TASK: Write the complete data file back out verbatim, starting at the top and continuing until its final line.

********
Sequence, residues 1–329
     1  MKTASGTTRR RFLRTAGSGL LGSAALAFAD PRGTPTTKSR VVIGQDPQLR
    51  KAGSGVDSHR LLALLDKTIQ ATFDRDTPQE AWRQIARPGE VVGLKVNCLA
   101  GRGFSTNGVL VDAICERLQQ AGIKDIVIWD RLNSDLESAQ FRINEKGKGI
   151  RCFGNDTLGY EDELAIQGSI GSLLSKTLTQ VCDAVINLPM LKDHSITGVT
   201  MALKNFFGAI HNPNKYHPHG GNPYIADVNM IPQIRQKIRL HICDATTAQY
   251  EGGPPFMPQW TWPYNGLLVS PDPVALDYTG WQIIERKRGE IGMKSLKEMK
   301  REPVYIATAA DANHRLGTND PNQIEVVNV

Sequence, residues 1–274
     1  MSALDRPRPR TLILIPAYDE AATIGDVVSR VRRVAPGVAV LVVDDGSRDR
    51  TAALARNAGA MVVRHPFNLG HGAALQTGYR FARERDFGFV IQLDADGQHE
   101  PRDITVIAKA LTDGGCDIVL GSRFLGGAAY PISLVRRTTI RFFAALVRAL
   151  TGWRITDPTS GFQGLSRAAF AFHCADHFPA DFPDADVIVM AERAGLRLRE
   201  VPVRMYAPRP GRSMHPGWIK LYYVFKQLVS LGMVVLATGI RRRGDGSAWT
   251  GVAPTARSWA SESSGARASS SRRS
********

Sequence, residues 1–329
     1  MKTASGTTRR RFLRTAGSGL LGSAALAFAD PRGTPTTKSR VVIGQDPQLR
    51  KAGSGVDSHR LLALLDKTIQ ATFDRDTPQE AWRQIARPGE VVGLKVNCLA
   101  GRGFSTNGVL VDAICERLQQ AGIKDIVIWD RLNSDLESAQ FRINEKGKGI
   151  RCFGNDTLGY EDELAIQGSI GSLLSKTLTQ VCDAVINLPM LKDHSITGVT
   201  MALKNFFGAI HNPNKYHPHG GNPYIADVNM IPQIRQKIRL HICDATTAQY
   251  EGGPPFMPQW TWPYNGLLVS PDPVALDYTG WQIIERKRGE IGMKSLKEMK
   301  REPVYIATAA DANHRLGTND PNQIEVVNV

Sequence, residues 1–274
     1  MSALDRPRPR TLILIPAYDE AATIGDVVSR VRRVAPGVAV LVVDDGSRDR
    51  TAALARNAGA MVVRHPFNLG HGAALQTGYR FARERDFGFV IQLDADGQHE
   101  PRDITVIAKA LTDGGCDIVL GSRFLGGAAY PISLVRRTTI RFFAALVRAL
   151  TGWRITDPTS GFQGLSRAAF AFHCADHFPA DFPDADVIVM AERAGLRLRE
   201  VPVRMYAPRP GRSMHPGWIK LYYVFKQLVS LGMVVLATGI RRRGDGSAWT
   251  GVAPTARSWA SESSGARASS SRRS